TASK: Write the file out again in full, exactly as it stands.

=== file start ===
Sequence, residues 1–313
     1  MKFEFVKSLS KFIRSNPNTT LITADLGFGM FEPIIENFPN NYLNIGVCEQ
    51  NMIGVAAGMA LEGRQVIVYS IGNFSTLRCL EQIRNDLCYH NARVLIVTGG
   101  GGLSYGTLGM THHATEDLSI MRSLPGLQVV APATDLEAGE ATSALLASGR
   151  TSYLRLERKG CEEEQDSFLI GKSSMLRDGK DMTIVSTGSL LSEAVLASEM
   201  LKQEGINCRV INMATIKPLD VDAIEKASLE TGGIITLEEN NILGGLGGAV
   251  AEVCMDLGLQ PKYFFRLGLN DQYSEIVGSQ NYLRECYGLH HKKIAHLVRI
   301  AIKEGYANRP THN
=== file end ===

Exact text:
Sequence, residues 1–313
     1  MKFEFVKSLS KFIRSNPNTT LITADLGFGM FEPIIENFPN NYLNIGVCEQ
    51  NMIGVAAGMA LEGRQVIVYS IGNFSTLRCL EQIRNDLCYH NARVLIVTGG
   101  GGLSYGTLGM THHATEDLSI MRSLPGLQVV APATDLEAGE ATSALLASGR
   151  TSYLRLERKG CEEEQDSFLI GKSSMLRDGK DMTIVSTGSL LSEAVLASEM
   201  LKQEGINCRV INMATIKPLD VDAIEKASLE TGGIITLEEN NILGGLGGAV
   251  AEVCMDLGLQ PKYFFRLGLN DQYSEIVGSQ NYLRECYGLH HKKIAHLVRI
   301  AIKEGYANRP THN